Another credit tied to the parent who claims the child as a dependent is the dependent care credit. This credit is available to the parent who claimed the child for the tax year, has earned income and actually paid the expenses for work-related childcare. Under the American Rescue Plan, the credit starts at 50% of the expenses up to $8,000 for one child, $16,000 for two or more children, and is phased down for taxpayers earning between $125,000 and $400,000. This change is only for tax year 2021 and will return to the prior amounts of 35% of the expenses up to $3,000 for one child and $6,000 for two or more children with a reduction to 20% of expenses for taxpayers with income over $43,000 in tax year 2022 and years thereafter.

Both the expansions of the child tax credit and the dependent care credit have only been enacted for tax year 2021 through the American Rescue Plan. However, President Joe Biden has recently introduced the American Families Plan which would keep the child tax credit expansion in place through 2025, when the original provision is set to expire, and make the expansion of the dependent care credit permanent.

These additional payments outlined herein do not alter the child support that is awarded and currently being paid by one parent to another. The party benefiting from these recent tax changes and receiving child support payments does not automatically suffer a reduction in child support. The payor would have to file a modification action and receive a new court order to reduce child support based on the tax benefits. It is unlikely such an action would be successful since the additional payments are only for a limited period of time and are not expected to continue into the future.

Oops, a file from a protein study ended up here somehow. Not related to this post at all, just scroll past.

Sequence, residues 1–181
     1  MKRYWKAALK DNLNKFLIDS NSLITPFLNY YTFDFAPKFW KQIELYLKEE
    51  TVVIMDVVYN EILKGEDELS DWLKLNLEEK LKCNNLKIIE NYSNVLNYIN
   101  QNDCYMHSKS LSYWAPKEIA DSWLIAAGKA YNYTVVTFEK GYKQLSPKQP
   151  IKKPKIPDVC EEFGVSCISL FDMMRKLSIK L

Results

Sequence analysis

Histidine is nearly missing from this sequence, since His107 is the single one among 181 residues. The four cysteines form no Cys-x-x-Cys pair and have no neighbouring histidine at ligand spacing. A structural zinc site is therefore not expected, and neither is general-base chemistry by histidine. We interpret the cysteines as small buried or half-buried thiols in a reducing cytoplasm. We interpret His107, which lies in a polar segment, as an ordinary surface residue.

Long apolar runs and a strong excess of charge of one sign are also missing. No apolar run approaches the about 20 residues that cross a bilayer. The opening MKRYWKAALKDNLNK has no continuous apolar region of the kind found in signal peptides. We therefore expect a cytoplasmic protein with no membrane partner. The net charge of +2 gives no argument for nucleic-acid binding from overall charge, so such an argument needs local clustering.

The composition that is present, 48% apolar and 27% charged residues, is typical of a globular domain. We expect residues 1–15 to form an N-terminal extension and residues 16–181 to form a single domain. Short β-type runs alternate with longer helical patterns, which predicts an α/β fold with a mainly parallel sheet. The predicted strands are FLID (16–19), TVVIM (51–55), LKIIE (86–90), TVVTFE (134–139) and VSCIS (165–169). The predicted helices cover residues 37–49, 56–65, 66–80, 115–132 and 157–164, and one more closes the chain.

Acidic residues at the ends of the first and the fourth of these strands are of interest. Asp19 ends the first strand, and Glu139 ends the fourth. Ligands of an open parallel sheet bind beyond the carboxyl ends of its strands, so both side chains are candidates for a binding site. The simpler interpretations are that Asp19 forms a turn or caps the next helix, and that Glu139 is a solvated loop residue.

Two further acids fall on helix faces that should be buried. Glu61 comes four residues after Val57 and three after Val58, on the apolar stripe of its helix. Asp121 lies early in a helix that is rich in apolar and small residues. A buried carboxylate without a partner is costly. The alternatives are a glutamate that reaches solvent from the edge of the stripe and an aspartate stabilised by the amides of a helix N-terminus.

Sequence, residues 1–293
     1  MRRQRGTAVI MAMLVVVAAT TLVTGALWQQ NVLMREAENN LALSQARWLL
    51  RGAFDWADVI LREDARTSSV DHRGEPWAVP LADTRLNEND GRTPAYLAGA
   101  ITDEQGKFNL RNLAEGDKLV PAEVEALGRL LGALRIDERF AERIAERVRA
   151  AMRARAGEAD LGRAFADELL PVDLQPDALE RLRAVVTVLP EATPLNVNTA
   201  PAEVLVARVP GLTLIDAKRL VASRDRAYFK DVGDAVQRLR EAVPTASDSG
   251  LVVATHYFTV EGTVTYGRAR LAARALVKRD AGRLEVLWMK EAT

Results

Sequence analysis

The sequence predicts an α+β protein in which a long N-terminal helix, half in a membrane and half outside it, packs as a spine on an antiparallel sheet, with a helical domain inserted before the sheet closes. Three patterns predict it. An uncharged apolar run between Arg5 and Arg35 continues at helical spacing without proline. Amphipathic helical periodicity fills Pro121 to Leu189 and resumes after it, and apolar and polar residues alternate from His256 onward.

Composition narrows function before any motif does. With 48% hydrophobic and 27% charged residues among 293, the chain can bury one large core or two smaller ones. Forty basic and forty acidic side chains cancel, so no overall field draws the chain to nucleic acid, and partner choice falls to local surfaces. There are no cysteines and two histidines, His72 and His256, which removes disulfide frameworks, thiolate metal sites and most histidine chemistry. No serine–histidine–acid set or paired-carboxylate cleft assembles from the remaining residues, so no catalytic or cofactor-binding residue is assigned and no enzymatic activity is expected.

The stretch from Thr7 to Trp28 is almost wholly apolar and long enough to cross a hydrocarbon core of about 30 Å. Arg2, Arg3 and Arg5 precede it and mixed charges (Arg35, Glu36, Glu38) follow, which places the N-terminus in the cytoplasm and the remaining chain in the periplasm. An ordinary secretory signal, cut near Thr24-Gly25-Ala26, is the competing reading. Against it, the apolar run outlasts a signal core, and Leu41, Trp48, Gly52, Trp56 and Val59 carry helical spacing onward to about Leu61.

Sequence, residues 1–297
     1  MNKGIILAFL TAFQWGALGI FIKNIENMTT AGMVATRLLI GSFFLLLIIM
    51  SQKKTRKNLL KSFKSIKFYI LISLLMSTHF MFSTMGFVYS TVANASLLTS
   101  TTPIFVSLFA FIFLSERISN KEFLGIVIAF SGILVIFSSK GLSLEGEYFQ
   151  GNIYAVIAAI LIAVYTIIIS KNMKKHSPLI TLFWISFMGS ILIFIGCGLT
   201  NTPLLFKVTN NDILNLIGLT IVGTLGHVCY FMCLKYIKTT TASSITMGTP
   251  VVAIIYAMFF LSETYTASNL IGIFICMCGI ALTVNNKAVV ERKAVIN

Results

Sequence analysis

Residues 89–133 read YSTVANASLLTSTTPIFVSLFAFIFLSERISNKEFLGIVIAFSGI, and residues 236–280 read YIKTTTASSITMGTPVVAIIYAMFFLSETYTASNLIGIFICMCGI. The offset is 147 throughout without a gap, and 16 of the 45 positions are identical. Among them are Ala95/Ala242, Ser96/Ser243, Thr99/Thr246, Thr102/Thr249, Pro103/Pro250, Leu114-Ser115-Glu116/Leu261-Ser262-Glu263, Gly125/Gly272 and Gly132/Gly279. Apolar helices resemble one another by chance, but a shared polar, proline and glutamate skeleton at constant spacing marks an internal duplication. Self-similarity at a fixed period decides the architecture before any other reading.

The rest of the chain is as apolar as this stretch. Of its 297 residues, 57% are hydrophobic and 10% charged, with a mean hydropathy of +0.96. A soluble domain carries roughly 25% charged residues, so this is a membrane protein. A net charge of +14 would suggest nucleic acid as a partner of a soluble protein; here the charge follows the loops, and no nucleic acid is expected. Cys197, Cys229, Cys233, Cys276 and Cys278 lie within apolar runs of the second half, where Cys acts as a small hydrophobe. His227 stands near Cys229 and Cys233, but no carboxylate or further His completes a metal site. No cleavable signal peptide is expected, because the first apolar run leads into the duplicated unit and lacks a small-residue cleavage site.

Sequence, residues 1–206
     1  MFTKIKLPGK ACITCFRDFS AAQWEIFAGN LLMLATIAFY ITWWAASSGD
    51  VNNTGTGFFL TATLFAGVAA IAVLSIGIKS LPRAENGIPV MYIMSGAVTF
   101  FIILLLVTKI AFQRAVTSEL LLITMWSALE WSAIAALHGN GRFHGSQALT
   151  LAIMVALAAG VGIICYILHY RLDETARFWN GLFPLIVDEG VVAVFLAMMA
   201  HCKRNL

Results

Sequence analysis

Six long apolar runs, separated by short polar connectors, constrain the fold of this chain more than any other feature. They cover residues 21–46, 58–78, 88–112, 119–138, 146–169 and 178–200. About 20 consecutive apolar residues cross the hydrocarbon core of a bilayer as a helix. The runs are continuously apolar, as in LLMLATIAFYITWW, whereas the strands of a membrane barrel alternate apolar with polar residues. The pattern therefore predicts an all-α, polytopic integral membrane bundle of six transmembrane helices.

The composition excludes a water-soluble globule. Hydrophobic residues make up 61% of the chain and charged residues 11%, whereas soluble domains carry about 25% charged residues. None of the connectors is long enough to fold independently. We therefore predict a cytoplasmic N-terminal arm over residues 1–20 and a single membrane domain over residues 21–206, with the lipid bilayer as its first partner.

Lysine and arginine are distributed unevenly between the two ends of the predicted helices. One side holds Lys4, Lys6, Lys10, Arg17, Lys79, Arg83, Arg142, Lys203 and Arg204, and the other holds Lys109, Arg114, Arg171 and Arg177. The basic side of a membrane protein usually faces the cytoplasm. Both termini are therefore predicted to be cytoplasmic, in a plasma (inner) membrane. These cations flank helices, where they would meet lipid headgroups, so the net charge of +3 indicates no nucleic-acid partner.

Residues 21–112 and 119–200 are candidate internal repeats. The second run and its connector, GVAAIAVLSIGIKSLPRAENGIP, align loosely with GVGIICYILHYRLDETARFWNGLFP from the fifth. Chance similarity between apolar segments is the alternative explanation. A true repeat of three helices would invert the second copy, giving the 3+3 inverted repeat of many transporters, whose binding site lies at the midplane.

This column does not necessarily reflect the opinion of The Bureau of National Affairs, Inc. or its owners.

Author Information

Robert “Bob” Boyd is a co-founder and shareholder of Boyd Collar Nolen Tuggle & Roddenbery and a leader in family law who has received recognition from his colleagues across Georgia and the nation. He can be reached at bboyd@bcntrlaw.com.

Elizabeth “Beth” Garrett is a partner in the Divorce Litigation Support Practice at Frazier & Deeter, primarily assisting high-net-worth individuals and corporate executives with divorce, tax, and accounting issues. She can be reached at beth.garrett@frazierdeeter.com.

Bloomberg Tax Insights articles are written by experienced practitioners, academics, and policy experts discussing developments and current issues in taxation. To contribute, please contact us at TaxInsights@bloombergindustry.com.